Faculty of Computing, Health and Science
School of Exercise and Health Sciences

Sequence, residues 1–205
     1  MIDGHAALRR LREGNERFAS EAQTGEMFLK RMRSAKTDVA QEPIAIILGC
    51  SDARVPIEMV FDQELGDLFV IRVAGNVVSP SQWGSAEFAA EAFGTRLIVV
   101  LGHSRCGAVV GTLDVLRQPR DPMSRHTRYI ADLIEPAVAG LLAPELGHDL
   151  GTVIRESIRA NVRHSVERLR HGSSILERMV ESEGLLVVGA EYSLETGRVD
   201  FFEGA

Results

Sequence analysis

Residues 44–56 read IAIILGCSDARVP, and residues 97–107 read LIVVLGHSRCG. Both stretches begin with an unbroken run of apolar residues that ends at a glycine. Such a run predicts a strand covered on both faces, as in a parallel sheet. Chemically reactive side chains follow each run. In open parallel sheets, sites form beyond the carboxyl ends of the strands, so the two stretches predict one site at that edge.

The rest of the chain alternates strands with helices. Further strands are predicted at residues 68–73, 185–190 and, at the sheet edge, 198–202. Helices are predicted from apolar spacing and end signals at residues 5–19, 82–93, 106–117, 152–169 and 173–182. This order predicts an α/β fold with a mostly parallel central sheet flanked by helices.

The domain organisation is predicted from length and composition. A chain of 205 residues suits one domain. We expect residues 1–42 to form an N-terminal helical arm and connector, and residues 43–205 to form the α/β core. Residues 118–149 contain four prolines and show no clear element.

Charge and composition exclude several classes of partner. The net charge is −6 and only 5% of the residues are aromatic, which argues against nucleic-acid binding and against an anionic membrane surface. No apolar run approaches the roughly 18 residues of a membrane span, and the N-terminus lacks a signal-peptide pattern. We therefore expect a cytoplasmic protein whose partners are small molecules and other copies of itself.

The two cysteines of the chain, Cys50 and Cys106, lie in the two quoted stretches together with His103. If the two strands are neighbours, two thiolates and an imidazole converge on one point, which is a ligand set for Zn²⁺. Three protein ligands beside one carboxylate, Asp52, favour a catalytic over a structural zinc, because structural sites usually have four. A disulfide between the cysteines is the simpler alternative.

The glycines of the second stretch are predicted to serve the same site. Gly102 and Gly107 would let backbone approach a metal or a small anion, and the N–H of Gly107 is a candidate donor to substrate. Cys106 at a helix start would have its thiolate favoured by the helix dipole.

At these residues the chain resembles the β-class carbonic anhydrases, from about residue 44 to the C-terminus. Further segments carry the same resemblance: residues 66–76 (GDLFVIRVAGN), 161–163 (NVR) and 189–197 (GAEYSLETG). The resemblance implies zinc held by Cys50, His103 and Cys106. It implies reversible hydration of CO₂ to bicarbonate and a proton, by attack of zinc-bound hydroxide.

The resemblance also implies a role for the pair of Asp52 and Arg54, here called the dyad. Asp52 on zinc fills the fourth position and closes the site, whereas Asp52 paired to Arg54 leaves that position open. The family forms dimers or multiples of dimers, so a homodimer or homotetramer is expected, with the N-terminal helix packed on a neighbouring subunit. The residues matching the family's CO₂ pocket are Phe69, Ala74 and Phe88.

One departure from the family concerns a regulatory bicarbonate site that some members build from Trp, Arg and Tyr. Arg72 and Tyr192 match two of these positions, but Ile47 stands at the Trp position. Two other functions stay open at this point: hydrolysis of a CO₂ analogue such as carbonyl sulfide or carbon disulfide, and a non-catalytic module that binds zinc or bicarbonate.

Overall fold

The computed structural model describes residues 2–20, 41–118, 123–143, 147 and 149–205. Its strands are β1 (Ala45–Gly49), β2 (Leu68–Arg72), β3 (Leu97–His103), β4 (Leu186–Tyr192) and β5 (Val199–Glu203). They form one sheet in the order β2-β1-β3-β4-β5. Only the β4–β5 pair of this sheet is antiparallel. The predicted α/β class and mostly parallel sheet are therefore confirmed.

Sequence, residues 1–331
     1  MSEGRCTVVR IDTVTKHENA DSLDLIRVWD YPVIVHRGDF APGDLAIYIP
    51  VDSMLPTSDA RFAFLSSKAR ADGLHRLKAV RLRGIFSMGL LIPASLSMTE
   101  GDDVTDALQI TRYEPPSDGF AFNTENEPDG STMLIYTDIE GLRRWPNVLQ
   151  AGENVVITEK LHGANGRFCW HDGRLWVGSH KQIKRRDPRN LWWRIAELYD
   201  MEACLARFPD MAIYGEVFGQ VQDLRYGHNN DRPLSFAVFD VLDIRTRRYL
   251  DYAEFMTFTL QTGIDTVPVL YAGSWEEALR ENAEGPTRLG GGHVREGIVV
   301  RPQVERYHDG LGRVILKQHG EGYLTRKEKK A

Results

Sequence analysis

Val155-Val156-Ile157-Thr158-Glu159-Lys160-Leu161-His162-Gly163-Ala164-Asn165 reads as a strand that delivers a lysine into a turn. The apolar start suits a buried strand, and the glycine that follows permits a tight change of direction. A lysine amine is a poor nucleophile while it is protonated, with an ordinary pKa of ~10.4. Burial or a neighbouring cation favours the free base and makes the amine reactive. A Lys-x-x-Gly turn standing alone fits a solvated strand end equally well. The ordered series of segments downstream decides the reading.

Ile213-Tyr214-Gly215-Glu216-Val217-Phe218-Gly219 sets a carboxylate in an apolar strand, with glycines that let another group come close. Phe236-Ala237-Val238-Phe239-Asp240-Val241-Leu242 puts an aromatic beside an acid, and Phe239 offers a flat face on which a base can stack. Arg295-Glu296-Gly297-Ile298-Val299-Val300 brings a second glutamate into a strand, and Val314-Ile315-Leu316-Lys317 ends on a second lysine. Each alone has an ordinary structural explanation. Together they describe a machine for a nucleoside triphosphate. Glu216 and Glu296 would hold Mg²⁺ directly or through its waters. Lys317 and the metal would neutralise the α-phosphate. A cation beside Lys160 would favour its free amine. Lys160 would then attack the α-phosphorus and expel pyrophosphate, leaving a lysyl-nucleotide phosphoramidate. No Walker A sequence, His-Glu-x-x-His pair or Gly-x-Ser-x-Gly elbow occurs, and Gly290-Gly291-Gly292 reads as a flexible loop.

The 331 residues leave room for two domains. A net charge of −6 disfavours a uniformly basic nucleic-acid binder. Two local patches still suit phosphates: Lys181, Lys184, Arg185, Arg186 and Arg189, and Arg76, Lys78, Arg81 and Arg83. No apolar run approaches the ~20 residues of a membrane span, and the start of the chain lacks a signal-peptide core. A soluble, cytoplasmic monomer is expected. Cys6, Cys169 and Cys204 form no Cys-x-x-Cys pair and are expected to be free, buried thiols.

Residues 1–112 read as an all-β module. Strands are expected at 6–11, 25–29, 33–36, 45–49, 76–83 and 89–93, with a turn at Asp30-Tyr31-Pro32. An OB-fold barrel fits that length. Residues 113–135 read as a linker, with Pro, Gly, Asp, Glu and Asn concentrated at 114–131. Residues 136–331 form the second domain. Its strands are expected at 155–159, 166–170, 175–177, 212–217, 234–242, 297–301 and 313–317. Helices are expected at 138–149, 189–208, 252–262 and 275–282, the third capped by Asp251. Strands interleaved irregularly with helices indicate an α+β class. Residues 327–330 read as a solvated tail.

Purpose. To examine the effects of two doses of low-frequency (12 Hz), low-magnitude (0.3 g), whole body vibration on markers of bone formation and resorption in postmenopausal women. Methods. Women were recruited and randomized into a sham vibration control group, one time per week vibration group (1×/week), or three times per week vibration group (3×/week). Vibration exposure consisted of 20 minutes of intermittent vibration for the 1×/week and 3×/week groups, and sham vibration (<0.1 g) for the control group for eight weeks. Double-blinded primary outcome measures were urine markers of bone resorption: N-telopeptide X normalised to creatinine (NTx/Cr) and bone formation: bone-specific alkaline phosphatase (ALP). Results. Forty-six women (59.8 ± 6.2 years, median 7.3 years since menopause) were enrolled. NTx/Cr was significantly reduced (34.6%) in the 3×/wk vibration group but not in the 1×/wk vibration group compared with sham control (P<.01) group. No effect of time or group allocation was observed on the bone formation marker ALP (P=.27). Conclusion. We have shown for the first time that low-frequency, low-magnitude vibration 3×/week for eight weeks in postmenopausal women results in a significant reduction in NTx/Cr, a marker of bone resorption, when compared with sham vibration exposure.
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